Monday, August 19, 2013

Ta-dah! My new blog series

Okay, so I'm writing this blog and I'm reconciling my renegade agnostic beliefs with my desire to be active in the church. Sometimes I'm straight up rejecting church teachings, other times I'm doing complicated brain gymnastics to make things fit into my own world view. Some people find it disingenuous at worst, pointless and silly at best.

So what is the point of it all?

You may have noticed three things that pop up in a lot of my posts about why I value the church and why I'm pursuing this tricky path of agnostic Mormonism: 1) It makes me a better person, 2) It strengthens my family, and 3) It enriches our lives. In fact, these things are the only things I KNOW about the church. I actually know these things are true. They are my testimony.

Well, I've decided that in addition to listing them all the time (super useful, huh?), I'm going to provide evidence of them. Starting today, I'm going to share specific ways that the church (and my participation in it) is making me a better person, strengthening my family, and enriching our lives. This series is called, "Ta-dah!"

For my first post in the Ta-dah! series, I just wanted to share how our Relief Society lesson yesterday made me evaluate the way I treat my husband and my neighbors. It was on Chapter 16 in the Lorenzo Snow manual, about unity. One of the quotes:

"And the father and the mother should be very careful. The wife should never in the presence of her children speak disrespectfully of her husband....And the father the same. He has no right to speak disrespectfully of his wife in the presence of her children."

This quote is not earth shattering, either in content or language. We all know we shouldn't belittle our spouses, right? Especially in front of our children (or anyone else, for that matter). Please tell me everyone knows this. But it was a good reminder for me. For one thing, it made me realize that my husband never, ever does this. He never speaks disrespectfully to or of me in front of other people. Oh, we have our knock-down-drag-out fights, for sure, but he is very respectful of me, especially so in front of our kids. It made me more grateful for him.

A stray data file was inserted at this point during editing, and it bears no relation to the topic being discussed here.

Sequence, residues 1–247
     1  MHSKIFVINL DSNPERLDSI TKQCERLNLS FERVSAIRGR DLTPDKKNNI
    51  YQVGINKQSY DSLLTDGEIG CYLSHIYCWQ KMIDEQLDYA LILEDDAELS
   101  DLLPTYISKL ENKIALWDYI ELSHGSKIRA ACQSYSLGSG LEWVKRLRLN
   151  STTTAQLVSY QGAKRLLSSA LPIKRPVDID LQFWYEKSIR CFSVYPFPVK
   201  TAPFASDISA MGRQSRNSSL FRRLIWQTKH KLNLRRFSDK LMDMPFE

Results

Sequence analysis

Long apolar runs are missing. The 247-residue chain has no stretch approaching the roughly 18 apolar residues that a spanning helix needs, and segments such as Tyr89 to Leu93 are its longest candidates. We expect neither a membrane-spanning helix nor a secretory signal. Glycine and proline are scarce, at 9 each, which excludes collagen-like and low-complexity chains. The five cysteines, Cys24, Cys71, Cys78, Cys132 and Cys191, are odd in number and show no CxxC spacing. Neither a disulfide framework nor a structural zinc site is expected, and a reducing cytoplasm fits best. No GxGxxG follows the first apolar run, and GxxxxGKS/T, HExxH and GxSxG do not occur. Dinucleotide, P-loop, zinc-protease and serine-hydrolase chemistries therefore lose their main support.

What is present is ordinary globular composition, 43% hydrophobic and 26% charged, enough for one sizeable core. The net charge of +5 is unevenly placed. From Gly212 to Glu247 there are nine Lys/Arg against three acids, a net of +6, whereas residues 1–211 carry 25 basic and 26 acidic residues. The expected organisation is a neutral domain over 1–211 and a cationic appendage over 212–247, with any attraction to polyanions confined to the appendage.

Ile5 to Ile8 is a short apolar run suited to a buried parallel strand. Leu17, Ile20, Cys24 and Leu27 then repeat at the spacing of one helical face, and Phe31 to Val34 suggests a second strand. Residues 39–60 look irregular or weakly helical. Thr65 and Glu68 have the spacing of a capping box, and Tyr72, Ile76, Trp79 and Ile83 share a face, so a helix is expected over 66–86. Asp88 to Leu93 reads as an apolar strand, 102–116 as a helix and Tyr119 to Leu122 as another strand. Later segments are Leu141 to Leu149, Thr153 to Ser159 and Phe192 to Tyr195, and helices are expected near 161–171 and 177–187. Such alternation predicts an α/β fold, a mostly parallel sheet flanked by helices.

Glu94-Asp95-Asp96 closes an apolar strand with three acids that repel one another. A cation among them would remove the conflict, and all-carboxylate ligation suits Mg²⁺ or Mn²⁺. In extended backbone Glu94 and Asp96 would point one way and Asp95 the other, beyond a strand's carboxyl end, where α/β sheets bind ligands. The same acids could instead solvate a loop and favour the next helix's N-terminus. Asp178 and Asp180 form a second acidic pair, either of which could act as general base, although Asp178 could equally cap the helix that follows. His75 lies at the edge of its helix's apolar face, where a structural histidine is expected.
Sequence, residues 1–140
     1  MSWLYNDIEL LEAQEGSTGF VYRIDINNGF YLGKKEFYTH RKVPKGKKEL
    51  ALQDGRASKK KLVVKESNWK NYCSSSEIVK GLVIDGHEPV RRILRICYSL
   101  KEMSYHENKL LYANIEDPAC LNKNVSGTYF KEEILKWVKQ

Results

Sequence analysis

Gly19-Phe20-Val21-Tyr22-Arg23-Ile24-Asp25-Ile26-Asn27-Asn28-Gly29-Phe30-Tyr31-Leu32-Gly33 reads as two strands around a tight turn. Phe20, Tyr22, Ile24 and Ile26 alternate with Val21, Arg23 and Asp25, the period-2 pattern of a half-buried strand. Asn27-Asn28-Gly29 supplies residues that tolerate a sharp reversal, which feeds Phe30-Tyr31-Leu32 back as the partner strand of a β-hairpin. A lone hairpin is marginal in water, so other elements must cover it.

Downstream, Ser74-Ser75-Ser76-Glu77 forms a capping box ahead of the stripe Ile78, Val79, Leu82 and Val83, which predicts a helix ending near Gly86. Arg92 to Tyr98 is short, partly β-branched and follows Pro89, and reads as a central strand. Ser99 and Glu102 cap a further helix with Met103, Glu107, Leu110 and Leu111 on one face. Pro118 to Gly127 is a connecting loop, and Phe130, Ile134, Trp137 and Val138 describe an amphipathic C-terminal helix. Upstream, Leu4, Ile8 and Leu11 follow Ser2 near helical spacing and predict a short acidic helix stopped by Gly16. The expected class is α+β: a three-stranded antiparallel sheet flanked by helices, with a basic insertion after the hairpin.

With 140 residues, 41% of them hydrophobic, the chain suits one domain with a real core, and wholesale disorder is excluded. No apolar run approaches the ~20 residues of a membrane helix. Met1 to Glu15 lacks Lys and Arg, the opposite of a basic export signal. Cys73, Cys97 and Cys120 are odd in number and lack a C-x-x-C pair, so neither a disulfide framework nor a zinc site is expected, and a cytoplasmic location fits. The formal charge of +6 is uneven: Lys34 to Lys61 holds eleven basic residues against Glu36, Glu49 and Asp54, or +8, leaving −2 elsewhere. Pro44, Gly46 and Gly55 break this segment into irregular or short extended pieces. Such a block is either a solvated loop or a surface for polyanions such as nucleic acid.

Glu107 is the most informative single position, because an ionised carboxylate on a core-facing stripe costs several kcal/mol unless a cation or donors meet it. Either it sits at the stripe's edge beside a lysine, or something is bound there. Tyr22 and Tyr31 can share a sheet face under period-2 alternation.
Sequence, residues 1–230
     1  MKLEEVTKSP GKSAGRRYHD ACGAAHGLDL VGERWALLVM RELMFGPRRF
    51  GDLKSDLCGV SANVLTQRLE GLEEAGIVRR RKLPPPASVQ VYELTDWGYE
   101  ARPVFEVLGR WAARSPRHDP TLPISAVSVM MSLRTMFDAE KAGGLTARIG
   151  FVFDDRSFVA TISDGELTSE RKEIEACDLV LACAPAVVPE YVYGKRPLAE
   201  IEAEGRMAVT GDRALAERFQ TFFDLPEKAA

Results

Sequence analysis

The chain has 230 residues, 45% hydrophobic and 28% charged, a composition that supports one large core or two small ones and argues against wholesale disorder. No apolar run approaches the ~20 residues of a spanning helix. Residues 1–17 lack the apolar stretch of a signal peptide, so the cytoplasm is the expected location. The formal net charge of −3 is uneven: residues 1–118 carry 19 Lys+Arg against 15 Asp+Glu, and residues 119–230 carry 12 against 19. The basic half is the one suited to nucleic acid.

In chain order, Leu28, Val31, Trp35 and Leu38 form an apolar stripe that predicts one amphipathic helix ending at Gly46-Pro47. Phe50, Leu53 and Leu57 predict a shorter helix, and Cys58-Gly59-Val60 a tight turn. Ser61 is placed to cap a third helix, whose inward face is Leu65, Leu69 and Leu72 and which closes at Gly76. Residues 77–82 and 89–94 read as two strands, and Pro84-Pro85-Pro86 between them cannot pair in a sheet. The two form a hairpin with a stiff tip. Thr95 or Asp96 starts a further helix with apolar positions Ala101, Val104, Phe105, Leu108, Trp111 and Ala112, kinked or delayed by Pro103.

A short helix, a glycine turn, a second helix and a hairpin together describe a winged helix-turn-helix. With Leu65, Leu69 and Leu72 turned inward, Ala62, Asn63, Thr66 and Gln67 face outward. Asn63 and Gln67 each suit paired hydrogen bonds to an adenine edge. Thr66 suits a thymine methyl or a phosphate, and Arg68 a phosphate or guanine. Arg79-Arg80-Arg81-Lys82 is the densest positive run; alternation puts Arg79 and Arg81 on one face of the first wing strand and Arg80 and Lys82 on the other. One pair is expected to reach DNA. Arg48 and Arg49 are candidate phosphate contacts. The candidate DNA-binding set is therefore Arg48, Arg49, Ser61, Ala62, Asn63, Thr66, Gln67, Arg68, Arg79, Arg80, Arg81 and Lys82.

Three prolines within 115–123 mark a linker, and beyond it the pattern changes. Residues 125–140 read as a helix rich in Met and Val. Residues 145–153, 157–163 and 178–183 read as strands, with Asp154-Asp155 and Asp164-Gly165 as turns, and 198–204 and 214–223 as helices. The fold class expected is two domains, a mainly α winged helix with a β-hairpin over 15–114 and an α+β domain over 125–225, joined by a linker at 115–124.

It also helped me see that I could probably be better in this area. I honestly don't disparage him in front of the kids very often, but I probably do sometimes. And it never hurts to have a reminder to be vigilant about these things, you know? My family is strengthened just a little bit, and maybe--hopefully--I am a slightly better person than I was on Saturday.

The lesson also talked a lot about unity within the church and with our neighbors. This was especially timely for me, because we have a rather difficult neighbor. We haven't even officially met him yet (we moved in fairly recently), but he has done some crazy things to our other neighbors and even to our daughter! He's just a little bit nutty. He has been keeping to himself lately, and so we've been tempted to just ignore him. But after yesterday, I feel like maybe we should try to reach out to this man--in some subtle, safe, discretionary way. Being able to forgive this man's strange and confrontational behavior will make us better, happier people, and having a functional, neighborly relationship with him will probably enrich our lives.

So, basically...Ta-dah! It's working!

*Just to ward off some inevitable reactions, of course I realize that I don't NEED to go to church to encounter reminders or ideas like this. But the thing is, as someone who spent six years trying to find another system for regular self-improvement and relationship inspiration, I can tell you that DIY-ing self-improvement just isn't as easy as having it built into your life through a community of people working together to help each other be better. It just isn't. I also realize that I don't necessarily need the LDS church for this, but I tried others, and this one just fits me better. That may or may not have something to do with the 25 years I spent completely immersed in it, but either way, this is the place where I feel most comfortable and the program that is most effective for me. And this blog is kind of about me and my experiences with religion, know. :)

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